What accounts for riesling's glories, and for their neglect among wine drinkers? The grape naturally has a combination of sweetness and high acidity, which makes a delectable combination in the glass. Think of bunches of soft drink grapes, Sprite perhaps, hanging on a vine: most of us love the balance of sugar and acid, and would regard a natural product like that as a wonder. Exactly so with riesling. Rieslings are also low in alcohol, so they remain refreshing, crisp, and bright whereas more potent wines like chardonnays seem thicker-bodied and apt either to overwhelm a meal or to induce sleepiness (or both) after a glass or two. Rieslings have vivid lemon-cake-and-clove aromas and burst with fruity, apple-pear flavors, which make a dry riesling especially such a sparkling and satisfying accompaniment to food.
The adjective often used in connection with riesling is "racy." This makes sense on an instinctive level, but it is hard to put into other, more solid words. Speed, lightness, quickness all come to mind with the word "racy," and it may be that the word makes best sense when you try to apply it to your memories of other white wines. Chardonnay, racy? No. Pinot grigio -- no. Sauvignon blanc, not exactly -- white zinfandel, no. Riesling -- somehow, yes.
Try it ... but here we encounter riesling's problem. It's woefully underappreciated. People often won't try it, and for this wine writers blame the wine's reputation as unfailingly and boringly sweet. Karen MacNeil in The Wine Bible says that this reputation was fully deserved in the years after World War II, when German producers made oceans of sugary rieslings to appeal to the taste of American soldiers occupying Germany, and to the taste even of the German public, who were starved for sweets because sugar had been rationed during the war. Jancis Robinson in How to Taste says that some German winemakers kept churning out the sweet stuff, out of a pure cynical desire to make money, for decades after.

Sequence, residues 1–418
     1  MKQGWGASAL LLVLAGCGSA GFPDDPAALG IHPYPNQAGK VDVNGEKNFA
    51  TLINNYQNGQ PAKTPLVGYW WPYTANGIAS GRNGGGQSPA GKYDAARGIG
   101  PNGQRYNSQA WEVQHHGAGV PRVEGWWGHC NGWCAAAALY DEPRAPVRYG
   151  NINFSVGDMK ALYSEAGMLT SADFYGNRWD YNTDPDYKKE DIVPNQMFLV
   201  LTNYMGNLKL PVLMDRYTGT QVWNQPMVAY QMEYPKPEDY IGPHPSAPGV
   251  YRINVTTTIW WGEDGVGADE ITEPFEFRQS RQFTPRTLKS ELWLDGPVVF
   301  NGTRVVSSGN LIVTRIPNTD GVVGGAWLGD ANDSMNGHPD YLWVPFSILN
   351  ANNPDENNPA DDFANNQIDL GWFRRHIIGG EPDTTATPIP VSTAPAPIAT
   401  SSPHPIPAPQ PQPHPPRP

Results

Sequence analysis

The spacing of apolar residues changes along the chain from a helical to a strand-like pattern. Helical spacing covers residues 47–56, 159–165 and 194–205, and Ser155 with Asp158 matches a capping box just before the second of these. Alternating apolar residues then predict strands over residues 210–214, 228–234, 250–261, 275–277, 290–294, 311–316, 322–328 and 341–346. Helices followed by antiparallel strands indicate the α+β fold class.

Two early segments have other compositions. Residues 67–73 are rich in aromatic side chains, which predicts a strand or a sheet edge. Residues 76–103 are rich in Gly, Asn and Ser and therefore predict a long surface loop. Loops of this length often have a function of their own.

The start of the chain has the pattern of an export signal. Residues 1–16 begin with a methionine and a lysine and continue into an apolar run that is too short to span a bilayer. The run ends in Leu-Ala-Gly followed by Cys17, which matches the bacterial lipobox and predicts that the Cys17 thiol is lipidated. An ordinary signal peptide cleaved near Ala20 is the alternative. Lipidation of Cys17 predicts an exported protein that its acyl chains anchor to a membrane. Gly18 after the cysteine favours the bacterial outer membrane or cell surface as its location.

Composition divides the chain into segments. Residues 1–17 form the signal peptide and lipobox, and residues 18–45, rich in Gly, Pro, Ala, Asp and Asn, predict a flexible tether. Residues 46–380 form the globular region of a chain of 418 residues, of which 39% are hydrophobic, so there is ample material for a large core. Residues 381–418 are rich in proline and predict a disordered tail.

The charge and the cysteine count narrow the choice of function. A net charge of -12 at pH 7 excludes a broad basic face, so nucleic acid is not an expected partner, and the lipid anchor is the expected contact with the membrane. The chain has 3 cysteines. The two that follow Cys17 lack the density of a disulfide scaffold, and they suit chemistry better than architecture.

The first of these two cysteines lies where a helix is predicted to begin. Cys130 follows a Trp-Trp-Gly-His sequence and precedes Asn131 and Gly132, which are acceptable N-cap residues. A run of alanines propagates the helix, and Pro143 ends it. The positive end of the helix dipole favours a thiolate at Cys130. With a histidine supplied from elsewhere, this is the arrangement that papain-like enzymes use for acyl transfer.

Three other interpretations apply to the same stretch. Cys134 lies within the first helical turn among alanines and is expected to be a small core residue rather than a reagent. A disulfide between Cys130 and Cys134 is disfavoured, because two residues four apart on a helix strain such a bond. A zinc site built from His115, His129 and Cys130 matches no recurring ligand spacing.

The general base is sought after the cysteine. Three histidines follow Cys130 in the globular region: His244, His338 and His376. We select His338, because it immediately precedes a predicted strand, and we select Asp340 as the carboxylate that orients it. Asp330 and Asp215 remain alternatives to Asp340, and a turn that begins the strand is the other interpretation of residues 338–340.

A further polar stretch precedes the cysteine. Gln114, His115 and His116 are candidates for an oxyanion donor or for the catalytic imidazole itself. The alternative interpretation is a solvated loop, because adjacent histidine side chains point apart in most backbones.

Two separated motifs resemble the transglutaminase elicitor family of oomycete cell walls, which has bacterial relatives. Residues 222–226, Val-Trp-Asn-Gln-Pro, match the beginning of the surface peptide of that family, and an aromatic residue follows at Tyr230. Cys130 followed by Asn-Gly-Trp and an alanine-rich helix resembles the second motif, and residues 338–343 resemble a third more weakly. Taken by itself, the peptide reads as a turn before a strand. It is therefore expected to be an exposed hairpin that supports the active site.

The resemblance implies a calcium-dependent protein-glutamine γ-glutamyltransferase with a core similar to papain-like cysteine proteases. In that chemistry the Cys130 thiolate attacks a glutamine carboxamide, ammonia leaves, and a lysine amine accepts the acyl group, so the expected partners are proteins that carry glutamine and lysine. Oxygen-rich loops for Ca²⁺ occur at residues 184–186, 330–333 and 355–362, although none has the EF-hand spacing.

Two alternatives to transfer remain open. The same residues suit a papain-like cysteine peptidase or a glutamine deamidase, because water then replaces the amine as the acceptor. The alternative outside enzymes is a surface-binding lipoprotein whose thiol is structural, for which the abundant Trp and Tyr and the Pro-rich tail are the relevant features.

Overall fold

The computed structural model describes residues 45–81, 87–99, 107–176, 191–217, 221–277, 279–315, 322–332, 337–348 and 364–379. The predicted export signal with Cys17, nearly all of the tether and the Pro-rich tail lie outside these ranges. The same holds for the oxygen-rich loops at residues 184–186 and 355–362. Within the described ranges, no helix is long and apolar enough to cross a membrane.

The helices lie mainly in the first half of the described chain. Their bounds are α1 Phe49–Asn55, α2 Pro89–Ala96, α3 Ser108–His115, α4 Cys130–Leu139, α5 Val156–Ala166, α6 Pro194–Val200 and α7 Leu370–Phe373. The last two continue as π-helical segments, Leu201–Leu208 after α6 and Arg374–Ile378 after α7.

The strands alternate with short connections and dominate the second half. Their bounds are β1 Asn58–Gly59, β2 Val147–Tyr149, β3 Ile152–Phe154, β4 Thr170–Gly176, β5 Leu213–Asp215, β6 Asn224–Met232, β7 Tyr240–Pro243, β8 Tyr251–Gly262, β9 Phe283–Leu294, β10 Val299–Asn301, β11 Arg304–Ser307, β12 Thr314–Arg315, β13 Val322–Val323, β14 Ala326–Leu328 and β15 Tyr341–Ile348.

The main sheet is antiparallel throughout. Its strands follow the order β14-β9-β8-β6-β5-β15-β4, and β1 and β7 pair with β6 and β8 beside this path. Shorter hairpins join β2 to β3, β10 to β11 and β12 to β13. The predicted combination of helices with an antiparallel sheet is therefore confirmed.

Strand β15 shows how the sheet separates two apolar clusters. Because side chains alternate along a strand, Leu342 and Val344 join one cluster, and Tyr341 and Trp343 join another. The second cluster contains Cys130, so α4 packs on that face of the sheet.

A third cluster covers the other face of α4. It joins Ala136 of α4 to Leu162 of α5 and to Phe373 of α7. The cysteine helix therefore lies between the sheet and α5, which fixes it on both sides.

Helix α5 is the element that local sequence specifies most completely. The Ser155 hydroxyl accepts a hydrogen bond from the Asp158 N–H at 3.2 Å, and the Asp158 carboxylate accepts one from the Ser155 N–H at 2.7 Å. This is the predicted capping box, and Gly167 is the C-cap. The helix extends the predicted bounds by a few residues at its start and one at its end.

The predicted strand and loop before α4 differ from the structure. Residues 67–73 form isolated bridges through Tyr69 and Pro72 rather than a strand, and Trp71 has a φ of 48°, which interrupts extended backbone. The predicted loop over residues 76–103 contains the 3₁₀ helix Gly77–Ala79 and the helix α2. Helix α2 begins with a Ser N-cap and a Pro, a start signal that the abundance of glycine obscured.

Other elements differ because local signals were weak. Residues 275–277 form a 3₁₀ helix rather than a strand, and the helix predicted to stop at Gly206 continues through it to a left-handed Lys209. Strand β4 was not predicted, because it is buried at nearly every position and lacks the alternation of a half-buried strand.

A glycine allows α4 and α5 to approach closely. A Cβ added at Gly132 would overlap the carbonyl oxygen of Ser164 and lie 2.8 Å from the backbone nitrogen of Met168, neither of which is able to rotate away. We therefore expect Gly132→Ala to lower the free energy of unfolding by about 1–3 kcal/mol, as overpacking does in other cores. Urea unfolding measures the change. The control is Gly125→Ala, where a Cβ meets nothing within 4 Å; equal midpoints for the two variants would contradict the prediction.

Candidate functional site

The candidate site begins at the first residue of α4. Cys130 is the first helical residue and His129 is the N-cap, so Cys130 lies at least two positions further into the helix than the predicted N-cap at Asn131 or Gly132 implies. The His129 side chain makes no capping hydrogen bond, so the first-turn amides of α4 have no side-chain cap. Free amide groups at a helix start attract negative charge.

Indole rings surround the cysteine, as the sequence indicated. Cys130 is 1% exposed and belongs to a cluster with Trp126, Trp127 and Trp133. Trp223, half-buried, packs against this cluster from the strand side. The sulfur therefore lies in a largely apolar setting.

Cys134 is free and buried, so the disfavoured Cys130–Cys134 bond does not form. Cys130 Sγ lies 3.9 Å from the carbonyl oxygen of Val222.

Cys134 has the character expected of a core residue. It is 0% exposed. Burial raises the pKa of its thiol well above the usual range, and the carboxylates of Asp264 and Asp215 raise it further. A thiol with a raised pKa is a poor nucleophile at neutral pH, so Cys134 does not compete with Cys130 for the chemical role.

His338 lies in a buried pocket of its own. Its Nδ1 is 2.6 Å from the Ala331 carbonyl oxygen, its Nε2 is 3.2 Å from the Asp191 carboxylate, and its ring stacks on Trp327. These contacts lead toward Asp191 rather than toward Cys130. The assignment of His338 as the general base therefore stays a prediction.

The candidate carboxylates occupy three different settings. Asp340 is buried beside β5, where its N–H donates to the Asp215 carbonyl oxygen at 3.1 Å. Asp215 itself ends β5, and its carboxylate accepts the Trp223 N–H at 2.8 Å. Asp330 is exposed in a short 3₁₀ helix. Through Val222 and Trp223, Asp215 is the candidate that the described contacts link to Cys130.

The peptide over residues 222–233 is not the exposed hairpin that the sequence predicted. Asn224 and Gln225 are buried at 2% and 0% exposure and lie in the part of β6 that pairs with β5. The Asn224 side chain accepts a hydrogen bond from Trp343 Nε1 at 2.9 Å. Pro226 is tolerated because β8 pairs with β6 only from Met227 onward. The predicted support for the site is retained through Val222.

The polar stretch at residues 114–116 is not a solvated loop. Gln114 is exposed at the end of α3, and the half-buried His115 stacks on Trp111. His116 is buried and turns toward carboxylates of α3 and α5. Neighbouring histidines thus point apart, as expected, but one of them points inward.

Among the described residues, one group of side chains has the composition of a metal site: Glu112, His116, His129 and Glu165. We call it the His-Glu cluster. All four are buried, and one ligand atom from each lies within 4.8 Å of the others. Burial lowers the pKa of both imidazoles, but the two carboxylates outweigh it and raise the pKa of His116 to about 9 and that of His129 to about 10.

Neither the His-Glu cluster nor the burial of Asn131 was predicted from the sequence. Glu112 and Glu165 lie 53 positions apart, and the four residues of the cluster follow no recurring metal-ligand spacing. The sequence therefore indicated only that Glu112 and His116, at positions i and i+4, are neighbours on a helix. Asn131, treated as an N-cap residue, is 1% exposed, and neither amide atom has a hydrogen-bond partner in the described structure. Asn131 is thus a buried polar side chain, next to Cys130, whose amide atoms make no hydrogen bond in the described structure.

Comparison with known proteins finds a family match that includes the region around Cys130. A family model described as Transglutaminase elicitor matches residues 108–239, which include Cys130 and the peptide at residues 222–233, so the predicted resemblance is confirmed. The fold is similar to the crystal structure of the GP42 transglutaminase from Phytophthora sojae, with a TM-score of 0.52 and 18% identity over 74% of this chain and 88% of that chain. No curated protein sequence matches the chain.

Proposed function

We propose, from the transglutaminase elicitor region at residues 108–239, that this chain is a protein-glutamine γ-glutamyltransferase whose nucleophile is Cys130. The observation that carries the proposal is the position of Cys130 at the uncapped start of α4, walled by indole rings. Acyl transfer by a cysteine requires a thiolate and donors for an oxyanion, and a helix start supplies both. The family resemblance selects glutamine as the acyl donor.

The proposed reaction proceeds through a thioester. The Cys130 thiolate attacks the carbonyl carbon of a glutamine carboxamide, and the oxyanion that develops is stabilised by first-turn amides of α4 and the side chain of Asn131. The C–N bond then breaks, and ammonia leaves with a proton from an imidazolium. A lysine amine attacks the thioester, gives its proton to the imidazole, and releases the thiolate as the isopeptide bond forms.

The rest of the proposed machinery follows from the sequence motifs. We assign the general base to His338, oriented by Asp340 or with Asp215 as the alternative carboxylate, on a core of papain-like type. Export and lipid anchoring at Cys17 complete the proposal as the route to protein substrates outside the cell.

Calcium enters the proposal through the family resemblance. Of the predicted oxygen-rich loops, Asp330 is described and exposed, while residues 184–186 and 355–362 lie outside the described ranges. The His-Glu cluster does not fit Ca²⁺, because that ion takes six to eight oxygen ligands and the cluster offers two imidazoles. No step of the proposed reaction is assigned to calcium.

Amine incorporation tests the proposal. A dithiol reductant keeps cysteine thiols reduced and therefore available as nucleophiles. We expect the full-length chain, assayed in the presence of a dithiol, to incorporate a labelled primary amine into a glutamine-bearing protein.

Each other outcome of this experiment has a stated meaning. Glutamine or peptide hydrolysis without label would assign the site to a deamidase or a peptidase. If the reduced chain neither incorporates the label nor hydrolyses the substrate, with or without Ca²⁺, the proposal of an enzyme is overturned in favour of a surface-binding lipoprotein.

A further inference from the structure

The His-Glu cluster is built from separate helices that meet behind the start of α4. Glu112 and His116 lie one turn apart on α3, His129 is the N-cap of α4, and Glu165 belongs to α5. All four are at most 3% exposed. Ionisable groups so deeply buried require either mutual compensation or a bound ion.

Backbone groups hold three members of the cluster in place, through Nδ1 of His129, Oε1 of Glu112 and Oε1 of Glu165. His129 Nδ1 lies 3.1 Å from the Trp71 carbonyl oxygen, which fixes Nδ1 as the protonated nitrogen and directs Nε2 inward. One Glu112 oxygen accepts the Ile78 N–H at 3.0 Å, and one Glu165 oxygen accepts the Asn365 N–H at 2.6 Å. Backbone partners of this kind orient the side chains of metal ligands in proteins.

Things have long since changed, and now Germany does put out an endless array of rieslings including the dry and even the really bone-dry; but as my old favorite Willie Gluckstern hollers in The Wine Avenger, a dry riesling is not therefore the correct One, its appearance constituting our sign from heaven that now it's okay to try It. The riesling grape has a sweetness whose balance with acidity makes the delight of the wine. Many foods and, indeed, any cooking process is going to add sweetness to what we taste -- toast is caramelized bread, a seared steak is caramelized meat -- and we don't turn away with a shudder from either taste experience.
The circumstances under which riesling comes to perfection, the perfection of acid-sugar balance and that elusive "raciness," are a part of the wonder. Riesling is quite the snow princess. It grows farther north of the equator than any other noble grape. In fact Germany, and we are talking about southwest Germany, marks the northermost limit of viticulture anywhere. Riesling's favored regions lie at the same latitude as Mongolia and Newfoundland (Karen MacNeil, The Wine Bible). Grapes can only survive here when they are planted on the south-facing hillsides of river valleys, where the river itself moderates the cold weather, cold air runs down and away from the vines, and the southern exposure catches as much summer sun as possible. The ripening process is downright tortuous, and acidity in the grape is never a problem (imagine biting into a nice, hard little unripe anything. Eeew.) Riesling's natural sugar levels come to the rescue in the making of the final, palatable product, especially in warm sunny years when the killing frosts of autumn may be postponed so long that a grower may go through his vineyards more than once, harvesting a second or a third time or -- keeping his fingers crossed -- maybe even a fourth or a fifth. With each harvest, the grapes will be just that bit riper, and will make just that bit fuller, richer, more acid-balanced wine.